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Flashcards in Global governance strategies Deck (12)
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Attempts to change and modernise norms

- Mass media intervention campaigns on sexual consent, unhealthy eating, racism and homophobia
- Social norms intervention, where awareness campaigns seek to promote reality, not misconceived norms e.g. “9 out of 10 men stop the first time a woman says no” - a US campaign called A Man Respects a Woman
- Laws - harmful norms can be legislated against, to send a message that they will not be tolerated e.g. banning of Dowry/child marriage in India


The work of NGO's, private organisations and human rights activists

- NGOs: Human Rights Watch and Amnesty International publicise human rights abuses by governments and lobby Western governments to intervene. They also provide legal and financial support for people whose rights have been violated.
- Human Rights Activists: e.g. Waleed Abulkhair. A Saudi Arabian activist, leader of the “Monitor of Human Rights in Saudi Arabia (MHRSA)” organisation. He campaigned against human rights abuses in Saudi Arabia and was imprisoned for 15 years


Multinational companies (MNCs) and their corporate social responsibility (CSR)

e.g. JUNTOS shoe company - who donate a school backpack and stationery to Ecuadorian children for every pair of shoes sold


Creation and application of international laws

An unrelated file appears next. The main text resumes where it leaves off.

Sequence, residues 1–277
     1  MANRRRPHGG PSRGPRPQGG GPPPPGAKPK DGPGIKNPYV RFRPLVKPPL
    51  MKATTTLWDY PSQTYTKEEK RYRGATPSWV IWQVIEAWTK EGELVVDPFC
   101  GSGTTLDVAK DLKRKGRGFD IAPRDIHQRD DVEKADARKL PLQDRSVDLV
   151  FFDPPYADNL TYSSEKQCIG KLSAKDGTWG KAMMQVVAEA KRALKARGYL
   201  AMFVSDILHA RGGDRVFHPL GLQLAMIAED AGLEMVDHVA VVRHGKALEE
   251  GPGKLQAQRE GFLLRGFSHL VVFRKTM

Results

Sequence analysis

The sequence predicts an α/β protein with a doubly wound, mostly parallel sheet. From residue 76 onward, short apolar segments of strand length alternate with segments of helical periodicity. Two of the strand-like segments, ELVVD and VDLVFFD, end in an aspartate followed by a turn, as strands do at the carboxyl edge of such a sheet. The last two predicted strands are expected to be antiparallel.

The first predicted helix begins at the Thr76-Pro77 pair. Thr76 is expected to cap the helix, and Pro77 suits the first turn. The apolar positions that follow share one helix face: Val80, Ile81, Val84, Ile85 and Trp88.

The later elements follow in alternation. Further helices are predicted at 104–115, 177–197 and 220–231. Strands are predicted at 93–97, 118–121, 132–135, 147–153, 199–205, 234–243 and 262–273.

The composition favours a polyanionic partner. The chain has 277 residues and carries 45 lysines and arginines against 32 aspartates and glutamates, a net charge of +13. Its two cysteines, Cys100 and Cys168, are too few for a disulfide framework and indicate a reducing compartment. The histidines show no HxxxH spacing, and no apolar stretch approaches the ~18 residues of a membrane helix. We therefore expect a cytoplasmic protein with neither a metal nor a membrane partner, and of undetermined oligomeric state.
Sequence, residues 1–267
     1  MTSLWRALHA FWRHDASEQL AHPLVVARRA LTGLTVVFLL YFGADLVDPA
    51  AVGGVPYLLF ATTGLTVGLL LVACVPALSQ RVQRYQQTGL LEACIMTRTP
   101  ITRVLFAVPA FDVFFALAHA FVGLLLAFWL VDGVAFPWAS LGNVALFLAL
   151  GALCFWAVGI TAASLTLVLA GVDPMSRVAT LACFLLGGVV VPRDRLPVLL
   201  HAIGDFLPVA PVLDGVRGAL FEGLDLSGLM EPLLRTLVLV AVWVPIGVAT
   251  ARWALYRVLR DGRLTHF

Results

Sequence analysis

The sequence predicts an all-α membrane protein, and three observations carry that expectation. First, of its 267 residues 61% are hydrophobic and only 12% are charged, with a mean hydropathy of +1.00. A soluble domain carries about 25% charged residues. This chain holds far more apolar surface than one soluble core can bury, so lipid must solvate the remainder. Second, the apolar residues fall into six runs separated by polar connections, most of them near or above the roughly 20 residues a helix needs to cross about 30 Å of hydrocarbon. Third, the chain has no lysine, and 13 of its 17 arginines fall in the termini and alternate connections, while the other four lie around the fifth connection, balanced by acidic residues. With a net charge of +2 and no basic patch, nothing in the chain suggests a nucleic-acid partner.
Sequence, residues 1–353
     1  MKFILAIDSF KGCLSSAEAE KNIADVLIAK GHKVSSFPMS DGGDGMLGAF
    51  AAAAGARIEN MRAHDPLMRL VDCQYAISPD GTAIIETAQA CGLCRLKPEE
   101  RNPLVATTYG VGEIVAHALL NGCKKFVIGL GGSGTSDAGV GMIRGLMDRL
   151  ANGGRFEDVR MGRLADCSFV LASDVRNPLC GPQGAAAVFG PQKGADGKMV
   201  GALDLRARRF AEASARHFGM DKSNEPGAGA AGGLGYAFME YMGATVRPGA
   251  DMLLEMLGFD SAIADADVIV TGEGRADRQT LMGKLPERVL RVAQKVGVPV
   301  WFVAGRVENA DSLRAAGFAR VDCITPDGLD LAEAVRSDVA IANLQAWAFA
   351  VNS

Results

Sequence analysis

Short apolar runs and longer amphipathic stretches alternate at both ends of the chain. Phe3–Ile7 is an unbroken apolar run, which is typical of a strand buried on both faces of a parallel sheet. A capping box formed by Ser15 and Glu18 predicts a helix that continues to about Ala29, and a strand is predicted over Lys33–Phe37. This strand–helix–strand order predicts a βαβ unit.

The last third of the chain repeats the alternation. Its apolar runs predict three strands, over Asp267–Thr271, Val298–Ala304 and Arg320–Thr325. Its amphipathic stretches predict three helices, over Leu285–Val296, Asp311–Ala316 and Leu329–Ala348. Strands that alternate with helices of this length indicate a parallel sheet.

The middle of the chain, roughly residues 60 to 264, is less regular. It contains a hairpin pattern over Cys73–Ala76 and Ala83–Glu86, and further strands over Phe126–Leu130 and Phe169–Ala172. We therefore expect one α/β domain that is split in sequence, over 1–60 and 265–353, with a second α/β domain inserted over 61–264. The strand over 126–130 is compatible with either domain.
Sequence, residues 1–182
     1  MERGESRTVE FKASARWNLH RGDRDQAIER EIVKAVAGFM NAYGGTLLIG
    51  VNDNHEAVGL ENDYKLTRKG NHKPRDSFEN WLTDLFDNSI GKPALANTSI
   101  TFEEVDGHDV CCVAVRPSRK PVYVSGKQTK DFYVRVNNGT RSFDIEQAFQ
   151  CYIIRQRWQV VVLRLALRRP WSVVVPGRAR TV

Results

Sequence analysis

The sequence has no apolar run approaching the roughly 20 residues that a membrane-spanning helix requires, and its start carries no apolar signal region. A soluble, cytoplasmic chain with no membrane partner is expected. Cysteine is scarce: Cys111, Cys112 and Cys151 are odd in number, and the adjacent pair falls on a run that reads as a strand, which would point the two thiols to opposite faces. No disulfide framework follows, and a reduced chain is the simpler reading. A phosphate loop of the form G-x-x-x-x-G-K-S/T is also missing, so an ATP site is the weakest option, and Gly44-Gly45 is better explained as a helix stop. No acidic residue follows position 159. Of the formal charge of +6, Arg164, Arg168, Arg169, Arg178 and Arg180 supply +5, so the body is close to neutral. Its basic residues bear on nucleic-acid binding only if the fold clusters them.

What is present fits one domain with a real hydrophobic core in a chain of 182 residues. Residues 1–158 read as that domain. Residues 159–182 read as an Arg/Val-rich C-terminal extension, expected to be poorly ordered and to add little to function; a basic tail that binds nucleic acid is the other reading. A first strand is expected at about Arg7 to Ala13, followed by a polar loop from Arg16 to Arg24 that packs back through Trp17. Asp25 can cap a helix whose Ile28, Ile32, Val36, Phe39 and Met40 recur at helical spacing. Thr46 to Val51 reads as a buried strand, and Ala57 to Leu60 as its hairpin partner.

E.g. Convention on the rights of persons with disabilities - 2008. Led to the Equality Act in 2010 in the UK


Attempts to strengthen the rule of law

E.g. Extra police, especially female officers in India to combat gender based violence


Use of legal international mechanisms

Such as the European Court of Human Rights and the International Criminal Court. E.g. John Bemba - a politician in the Democratic Republic of Congo was arrested and sentenced to 18 years in prison for war crimes and sexual violence


The UN and its various agencies

Such as the Office of the High Commissioner for Human Rights (OHCHR)


UN peacekeeping operations

E.g. Sudan and Haiti


Humanitarian military intervention

( French Army in Mali
- UK and France in Libya


Humanitarian relief (aid)

e.g. UN World Food Programme providing emergency food aid across the world


The violation of human rights can be a cause of conflict (political, social, violent)

- Denial of basic human needs (food, shelter, water and education) can be an impact of a armed conflict, but also a cause of political and social conflict.
- Discrimination and denial of freedom in an undemocratic society can be the initial cause of a conflict (Syrian Civil War, Apartheid-era South Africa, Chinese student protests)
- Unrepresentative government in which certain groups (ethnic minorities or sometimes majorities) are excluded from decision-making, treated unfairly or overtly oppressed. E.g. Uyghur Muslim group in China, Rohingya Muslims in Myanmar (Burma)
- Genocide and torture. E.g. Rwandan civil war, ethnic cleansing of Bosnian Muslims in the Yugoslavian conflict of the 1990s


Consequences of conflict that violates human rights

Right to life - soldiers or civilians face risks to their lives in conflicts. E.g. Syrian civil war - up to 166,000 military deaths and up to 400,000 civilian deaths